Vikings: Jerome Felton reinvents himself

EDEN PRAIRIE, Minn. -- As recently as a month ago, Minnesota Vikings tailback Adrian Peterson insisted his preference was to run out of a one-back set rather than behind a fullback. These days, however, not even Peterson can deny the effectiveness and impact of fullback Jerome Felton.

Peterson acknowledged Thursday that Felton has "helped put me in position" to break Eric Dickerson's record for rushing yards in a season. As we discussed last month and can now update in this post, the numbers are absolutely overwhelming in favor of the Vikings' two-back set after years of primarily using Peterson as a single back.

When Felton leads the way, Peterson is averaging 7.7 yards per carry and has ripped off 18 runs of at least 20 yards. Out of the one-back set, meanwhile, Peterson's average is 3.6 yards per carry and he has two plays of at least 20 yards. The chart, courtesy ESPN Stats & Information, provides further details.

The dichotomy represents a career renaissance for Felton, the former Detroit Lions fullback who had some decent moments as a ball carrier and receiver but wasn't used much as a blocker in Scott Linehan's offense. Even then, Felton dreamed of blocking for Peterson in a two-back offense. He knew of Peterson's aversion to that scheme but said: "I thought if I could team up with him, I would make him like it."

You don't have to look any further than Peterson's 82-yard run last Sunday against the St. Louis Rams to see Felton's impact. Felton got through the hole quickly -- a requirement to keep ahead of the hard-charging Peterson -- and shielded Rams linebacker James Laurinaitis for several seconds while Peterson bounced around and finally darted downfield off Felton's left hip.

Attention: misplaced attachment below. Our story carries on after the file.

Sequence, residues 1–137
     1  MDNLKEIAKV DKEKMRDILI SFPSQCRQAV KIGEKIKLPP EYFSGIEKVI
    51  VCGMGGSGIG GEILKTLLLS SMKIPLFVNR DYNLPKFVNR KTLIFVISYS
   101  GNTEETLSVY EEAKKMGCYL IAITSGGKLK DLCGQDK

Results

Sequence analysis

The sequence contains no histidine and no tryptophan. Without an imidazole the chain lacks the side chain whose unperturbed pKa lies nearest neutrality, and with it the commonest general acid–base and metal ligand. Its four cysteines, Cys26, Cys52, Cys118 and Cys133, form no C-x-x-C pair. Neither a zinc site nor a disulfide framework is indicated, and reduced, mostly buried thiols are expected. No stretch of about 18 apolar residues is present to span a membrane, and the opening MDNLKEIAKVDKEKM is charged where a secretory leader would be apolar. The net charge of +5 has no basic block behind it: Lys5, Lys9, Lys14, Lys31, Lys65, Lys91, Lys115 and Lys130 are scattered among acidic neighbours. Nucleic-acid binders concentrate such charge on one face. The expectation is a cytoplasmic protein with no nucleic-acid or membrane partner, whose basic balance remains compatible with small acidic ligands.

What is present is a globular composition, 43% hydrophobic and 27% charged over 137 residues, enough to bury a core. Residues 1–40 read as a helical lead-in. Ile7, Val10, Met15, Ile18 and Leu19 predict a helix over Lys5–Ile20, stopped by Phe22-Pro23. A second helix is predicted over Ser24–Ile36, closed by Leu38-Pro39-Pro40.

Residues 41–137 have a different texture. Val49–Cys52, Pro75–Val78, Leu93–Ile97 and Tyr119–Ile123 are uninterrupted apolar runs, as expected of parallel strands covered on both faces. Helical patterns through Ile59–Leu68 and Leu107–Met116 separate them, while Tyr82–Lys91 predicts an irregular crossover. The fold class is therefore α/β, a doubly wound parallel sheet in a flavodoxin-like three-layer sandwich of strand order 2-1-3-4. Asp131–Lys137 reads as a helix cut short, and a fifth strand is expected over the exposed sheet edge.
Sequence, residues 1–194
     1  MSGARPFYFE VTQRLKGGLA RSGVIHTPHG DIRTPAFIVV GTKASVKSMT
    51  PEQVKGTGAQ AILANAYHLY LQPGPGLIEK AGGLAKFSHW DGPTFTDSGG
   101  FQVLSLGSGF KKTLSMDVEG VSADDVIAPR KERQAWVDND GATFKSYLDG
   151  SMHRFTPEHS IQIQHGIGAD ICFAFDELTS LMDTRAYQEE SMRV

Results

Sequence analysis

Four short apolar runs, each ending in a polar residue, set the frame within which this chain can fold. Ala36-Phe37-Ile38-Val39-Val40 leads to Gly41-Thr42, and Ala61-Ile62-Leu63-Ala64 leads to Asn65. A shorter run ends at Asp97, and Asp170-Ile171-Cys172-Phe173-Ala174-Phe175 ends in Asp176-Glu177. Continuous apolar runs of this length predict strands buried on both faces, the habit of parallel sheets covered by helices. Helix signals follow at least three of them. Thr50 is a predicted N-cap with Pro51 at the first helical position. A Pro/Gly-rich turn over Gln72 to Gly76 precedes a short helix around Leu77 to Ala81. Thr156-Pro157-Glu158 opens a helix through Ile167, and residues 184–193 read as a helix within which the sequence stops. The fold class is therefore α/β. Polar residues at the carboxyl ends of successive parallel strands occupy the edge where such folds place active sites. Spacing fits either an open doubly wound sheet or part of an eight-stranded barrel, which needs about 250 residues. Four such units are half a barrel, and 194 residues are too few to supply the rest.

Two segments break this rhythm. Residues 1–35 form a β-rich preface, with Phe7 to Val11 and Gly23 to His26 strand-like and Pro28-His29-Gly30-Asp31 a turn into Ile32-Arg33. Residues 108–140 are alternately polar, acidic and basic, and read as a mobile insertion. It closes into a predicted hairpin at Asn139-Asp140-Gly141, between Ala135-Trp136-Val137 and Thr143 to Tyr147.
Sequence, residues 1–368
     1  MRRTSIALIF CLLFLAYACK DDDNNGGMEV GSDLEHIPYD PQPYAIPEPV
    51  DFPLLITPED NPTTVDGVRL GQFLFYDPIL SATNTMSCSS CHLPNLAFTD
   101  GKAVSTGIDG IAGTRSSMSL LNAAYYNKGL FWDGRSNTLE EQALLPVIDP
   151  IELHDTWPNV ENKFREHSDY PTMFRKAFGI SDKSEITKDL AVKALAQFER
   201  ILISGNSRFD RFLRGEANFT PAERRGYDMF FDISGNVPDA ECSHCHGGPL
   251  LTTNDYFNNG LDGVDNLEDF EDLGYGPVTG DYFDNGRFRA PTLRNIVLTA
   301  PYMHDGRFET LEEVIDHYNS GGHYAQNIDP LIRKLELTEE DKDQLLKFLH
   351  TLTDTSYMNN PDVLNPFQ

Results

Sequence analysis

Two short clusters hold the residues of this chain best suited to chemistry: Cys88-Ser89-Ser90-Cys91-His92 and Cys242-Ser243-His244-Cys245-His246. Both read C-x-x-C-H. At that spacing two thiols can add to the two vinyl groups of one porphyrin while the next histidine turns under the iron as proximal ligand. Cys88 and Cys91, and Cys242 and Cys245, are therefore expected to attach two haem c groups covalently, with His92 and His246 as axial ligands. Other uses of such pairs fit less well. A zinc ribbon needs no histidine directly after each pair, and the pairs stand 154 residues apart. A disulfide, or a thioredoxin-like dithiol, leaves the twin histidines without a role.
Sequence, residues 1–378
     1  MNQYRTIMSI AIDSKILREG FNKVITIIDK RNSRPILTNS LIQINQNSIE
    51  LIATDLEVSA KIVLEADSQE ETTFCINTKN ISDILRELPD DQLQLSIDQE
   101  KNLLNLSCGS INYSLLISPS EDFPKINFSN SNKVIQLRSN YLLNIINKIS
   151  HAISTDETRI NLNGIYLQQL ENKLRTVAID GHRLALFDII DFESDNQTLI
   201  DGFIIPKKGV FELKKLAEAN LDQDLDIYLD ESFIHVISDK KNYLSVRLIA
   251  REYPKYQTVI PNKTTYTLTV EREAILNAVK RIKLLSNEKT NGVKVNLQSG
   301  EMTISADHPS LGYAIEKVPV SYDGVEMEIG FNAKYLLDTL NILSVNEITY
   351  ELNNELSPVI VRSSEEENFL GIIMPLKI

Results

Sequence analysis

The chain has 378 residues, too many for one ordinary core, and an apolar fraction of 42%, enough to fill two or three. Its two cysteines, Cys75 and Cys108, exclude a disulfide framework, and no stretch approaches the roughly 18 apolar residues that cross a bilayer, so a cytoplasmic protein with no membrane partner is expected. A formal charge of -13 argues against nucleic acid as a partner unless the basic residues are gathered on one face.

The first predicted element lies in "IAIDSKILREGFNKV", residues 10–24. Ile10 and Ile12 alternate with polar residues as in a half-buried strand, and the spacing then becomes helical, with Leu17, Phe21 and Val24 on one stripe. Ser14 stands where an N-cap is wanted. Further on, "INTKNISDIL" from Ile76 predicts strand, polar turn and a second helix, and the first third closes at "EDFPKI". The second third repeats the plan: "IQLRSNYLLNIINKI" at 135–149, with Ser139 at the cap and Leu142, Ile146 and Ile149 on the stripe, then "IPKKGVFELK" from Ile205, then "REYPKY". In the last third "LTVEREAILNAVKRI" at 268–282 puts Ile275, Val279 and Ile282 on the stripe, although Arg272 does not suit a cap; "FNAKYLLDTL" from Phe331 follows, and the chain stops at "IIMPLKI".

"He wants to go," Felton said. "So as a fullback, you have to be able to adjust and get out of his way. You have to see the hole and try to explode through the hole like he does."

Like a quarterback with a new receiver, Peterson has passed along some personal preferences to Felton. Among them: Take a short step on draw plays instead of the traditional long one, all in an effort to accommodate how quickly Peterson hits the hole.

That works for Felton, who is quicker than most fullbacks and not necessarily one who tries to pancake every opponent.

"My style fits him," Felton said. "I'm not a big 'try to muscle guys out and plod through the hole.' I try to get movement, get out of his way and open the hole. I think that's what we've developed. He's realized that and appreciates the success we've had."

Related: David Flemming of ESPN The Magazine took a look at how Dickerson originally set the record. Here is a long Grantland.com profile of Peterson from Steve Marsh. Finally, we posted 13 mostly stunning statistical facts about Peterson's season earlier this week.